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Thirteen/WNET exec: Mobile drives reach, revenue opportunities for public TV

July 18, 2013

The Thirteen Explore iPad app

NEW YORK – A Thirteen/WNET executive speaking at Mobile Commerce Daily’s fourth annual Nonprofit Mobile Day discussed how the public television station is leveraging mobile to reach new audiences outside of its New York and New Jersey viewing area to create an additional revenue stream.

The organization launched the Thirteen Explore for iPad application in January, with more than 50 percent of downloads so far coming from outside its viewing area. The free app includes full episodes of popular programming such as American Masters, Nova and Antiques Roadshow.

“Our biggest asset is video, and with people streaming video on mobile devices more, we said let’s put the Thirteen brand around that and make sure that when they are getting the videos, they are getting it from us,” said Joe Harrell, director of digital strategy at WNET, New York.

“This is a huge game-changer for us,” he said. “PBS has an iPad app with much of the same content.

“We wanted much more control over the experience. Our goal is not to compete with the hand that feeds us, but that is happening a bit.”

Nonprofit Mobile Day, a conference owned by Mobile Commerce Daily parent Napean LLC, was co-presented with the Direct Marketing Association.

Content consumption
With mobile users having a strong appetite for consuming a variety of content on their devices, this is changing the relationship between the Public Broadcasting Service, a nonprofit public broadcasting television network, and member stations such as Thirteen/WNET.

So far, there are no restrictions on local public TV stations when it comes to including content in their mobile apps, per Mr. Harrell.

For example, public stations in other markets have created apps showcasing PBS’ childrens’ programming to create an immersive experience for families in their areas.

Thirteen/WNET’s iPad app

“We clearly need to be addressing this audience, and it has completely transformed how we are thinking about how to take our station brands or show brands, like Nature or American Masters and how we are presenting them and connecting with our audiences,” Mr. Harrell said.

“It remains to be seen how this is going to play out,” he said. “In areas where PBS is big, they are trying to keep the model where they are at the center of it.”

In-app purchases
Mobile also provides new revenue opportunities for public TV stations from affiliate marketing and in-app purchases.

“There is a whole new world of opportunities in mobile in terms of in-app purchases,” Mr. Harrell said.

“That is what we are hoping to do here, create an additional revenue stream where we let them buy the last season of Downton Abbey from the app, and we are getting a portion of every sale,” he said.

Thirteen/WNET iPad app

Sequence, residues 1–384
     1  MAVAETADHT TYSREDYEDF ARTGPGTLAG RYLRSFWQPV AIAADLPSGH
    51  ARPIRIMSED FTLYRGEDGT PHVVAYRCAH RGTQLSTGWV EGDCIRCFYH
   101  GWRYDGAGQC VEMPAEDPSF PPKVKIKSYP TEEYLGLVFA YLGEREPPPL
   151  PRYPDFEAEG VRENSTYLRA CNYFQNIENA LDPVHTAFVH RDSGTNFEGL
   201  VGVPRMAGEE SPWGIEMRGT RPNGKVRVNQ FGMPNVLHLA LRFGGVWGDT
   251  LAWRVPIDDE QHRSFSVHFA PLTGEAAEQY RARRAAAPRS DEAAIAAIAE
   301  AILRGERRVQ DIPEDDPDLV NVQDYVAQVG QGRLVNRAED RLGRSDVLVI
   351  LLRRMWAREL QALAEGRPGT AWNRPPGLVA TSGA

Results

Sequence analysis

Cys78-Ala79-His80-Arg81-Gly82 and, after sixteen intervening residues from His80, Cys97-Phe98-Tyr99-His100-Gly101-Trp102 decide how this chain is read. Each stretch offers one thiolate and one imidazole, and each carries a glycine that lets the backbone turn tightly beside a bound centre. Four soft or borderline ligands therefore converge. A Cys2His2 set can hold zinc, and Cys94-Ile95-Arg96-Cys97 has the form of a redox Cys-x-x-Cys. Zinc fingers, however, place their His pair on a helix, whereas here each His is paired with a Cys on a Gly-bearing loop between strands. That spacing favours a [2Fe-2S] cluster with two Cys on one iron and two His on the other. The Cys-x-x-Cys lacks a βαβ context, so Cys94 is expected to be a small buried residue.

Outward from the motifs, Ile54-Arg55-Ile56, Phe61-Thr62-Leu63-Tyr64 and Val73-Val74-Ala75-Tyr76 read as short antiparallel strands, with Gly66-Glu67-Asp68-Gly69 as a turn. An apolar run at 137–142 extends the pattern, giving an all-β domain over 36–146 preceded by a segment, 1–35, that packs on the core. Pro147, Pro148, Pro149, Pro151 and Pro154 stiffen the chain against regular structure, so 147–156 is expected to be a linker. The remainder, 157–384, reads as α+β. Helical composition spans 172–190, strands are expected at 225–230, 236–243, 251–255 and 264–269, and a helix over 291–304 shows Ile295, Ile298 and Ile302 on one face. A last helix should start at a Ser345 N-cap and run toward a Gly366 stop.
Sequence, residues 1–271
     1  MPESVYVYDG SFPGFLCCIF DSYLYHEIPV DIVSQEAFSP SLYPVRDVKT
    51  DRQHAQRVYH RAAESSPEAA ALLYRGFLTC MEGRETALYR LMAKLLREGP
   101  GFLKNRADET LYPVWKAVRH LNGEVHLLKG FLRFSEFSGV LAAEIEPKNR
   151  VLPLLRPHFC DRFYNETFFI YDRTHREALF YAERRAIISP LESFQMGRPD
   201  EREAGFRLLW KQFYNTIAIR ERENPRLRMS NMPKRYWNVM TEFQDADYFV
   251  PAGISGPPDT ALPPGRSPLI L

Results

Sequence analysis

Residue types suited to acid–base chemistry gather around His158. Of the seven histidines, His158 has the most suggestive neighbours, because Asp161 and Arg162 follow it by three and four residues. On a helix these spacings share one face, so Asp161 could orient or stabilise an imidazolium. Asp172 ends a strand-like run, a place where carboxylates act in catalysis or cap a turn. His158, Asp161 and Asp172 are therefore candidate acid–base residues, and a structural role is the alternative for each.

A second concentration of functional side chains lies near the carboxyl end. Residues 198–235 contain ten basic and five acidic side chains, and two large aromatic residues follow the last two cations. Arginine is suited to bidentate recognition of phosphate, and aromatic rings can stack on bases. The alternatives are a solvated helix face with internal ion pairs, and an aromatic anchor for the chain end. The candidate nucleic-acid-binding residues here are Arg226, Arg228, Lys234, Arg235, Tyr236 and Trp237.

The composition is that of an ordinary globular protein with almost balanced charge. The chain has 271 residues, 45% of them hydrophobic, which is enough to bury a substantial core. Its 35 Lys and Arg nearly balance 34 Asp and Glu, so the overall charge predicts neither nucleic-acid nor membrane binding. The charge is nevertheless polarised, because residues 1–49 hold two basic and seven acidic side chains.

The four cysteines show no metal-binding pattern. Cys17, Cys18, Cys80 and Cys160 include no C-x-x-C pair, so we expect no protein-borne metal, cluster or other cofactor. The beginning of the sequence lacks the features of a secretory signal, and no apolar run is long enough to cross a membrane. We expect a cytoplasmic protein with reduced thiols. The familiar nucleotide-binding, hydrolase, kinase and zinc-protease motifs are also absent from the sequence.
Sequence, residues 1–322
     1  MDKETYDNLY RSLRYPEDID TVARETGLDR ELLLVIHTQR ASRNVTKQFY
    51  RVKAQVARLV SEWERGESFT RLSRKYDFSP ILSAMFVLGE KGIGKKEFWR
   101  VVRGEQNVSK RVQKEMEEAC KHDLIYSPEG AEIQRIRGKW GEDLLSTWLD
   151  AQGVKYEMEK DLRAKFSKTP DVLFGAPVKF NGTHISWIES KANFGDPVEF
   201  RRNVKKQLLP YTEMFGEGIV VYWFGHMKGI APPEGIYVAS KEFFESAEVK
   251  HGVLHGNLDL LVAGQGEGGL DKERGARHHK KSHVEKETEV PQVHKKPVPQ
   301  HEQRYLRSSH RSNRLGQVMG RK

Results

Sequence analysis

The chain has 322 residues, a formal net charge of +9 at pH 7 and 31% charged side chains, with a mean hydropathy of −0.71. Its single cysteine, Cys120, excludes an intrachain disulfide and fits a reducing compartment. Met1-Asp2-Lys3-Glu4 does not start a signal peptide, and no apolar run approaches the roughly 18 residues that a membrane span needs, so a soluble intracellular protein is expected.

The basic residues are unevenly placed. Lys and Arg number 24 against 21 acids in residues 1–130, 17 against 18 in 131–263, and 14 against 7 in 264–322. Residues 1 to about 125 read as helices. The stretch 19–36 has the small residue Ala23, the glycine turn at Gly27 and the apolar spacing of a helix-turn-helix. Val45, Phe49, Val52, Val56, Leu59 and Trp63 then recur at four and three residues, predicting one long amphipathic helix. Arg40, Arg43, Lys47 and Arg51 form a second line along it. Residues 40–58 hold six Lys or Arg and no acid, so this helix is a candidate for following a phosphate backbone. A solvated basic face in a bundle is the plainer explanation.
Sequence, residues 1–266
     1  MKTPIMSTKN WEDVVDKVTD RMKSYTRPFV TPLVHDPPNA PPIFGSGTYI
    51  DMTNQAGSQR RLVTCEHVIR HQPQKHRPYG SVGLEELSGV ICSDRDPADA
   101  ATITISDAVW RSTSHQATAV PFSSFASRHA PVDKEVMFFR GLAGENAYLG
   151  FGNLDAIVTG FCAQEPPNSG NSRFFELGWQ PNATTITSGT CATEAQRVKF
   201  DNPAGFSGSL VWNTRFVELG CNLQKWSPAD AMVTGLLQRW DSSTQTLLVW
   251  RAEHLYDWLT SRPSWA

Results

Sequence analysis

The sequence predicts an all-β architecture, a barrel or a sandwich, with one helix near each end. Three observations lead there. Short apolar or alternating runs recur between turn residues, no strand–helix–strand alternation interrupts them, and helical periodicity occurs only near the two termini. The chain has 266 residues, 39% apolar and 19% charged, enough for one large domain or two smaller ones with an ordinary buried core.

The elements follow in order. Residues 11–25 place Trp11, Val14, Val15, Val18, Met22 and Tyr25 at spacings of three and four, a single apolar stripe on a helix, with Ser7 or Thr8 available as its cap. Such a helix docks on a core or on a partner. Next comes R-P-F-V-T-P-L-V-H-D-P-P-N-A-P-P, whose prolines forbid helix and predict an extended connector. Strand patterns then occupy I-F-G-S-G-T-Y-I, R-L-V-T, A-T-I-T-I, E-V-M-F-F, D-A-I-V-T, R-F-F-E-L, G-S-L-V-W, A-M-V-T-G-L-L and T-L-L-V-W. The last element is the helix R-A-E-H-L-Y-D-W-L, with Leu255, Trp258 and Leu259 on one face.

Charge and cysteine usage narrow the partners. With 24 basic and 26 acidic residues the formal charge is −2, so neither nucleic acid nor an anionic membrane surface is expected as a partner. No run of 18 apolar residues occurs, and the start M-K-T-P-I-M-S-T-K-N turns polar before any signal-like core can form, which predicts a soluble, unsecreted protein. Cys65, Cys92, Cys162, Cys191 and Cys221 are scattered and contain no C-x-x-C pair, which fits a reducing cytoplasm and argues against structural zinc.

Thirteen is also using the app as a way to build its email database by asking users who download the app to enter their email address, with more than 20 percent doing so. Mr. Harrell reports that a large percentage of the emails are from viewers not already in the station’s system.

Viewing habits change
Recent market research conducted by WNET highlighted how the younger segment of its audience may not have a cable box and is not watching a majority of its content on TV. Therefore, they may not be aware of Thirteen, which affects how its presents content on mobile platforms.

With the percentage of Thirteen’s Web site traffic coming from mobile devices recently reaching 23 percent, the organization recognizes that smartphone and tablet users will only become a more important portion of its audience going forward.

“When you are looking at new ways of consuming video, iPhone, Android, they are at the top,” Mr. Harrell said.

“They are still watching on TV, but the viewing habits are switching,” he said. “Even for an older audience, the majority of people who are watching TV who have a mobile phone are on their mobile phone at the same time.

“The viewing of TV is very much a social experience, so we need to consider that.”

Membership opportunities
WNET has an interactive engagement group that produces a lot of video and is tailoring a lot of this content for mobile devices.

One way WNET is addressing the growth in mobile viewing is by committing to use responsive design for all of the Thirteen Web sites going forward.

The organization is also playing close attention to the convergence of social and mobile and looking for ways to put hooks in its content that will drive sharing opportunities.

Thirteen also offers apps built around several of the shows that is has developed, such as the NYC Arts and MetroFocus apps.

Going forward, the organization is looking to incorporate text-to-give opportunities but wants to make sure it has the right strategy in place for fundraising on mobile first.

“We want to build this mobile list and really treat it like an email list, so we can get them connected to us,” Mr. Harrell said.

“When the timing is right and it is not going to cannibalize the ability to get a membership, we’ll strike at that moment instead of jumping on and getting a $5 text to give when someone is watching Downton Abbey,” he said.

Final Take
Chantal Tode is associate editor on Mobile Commerce Daily, New York

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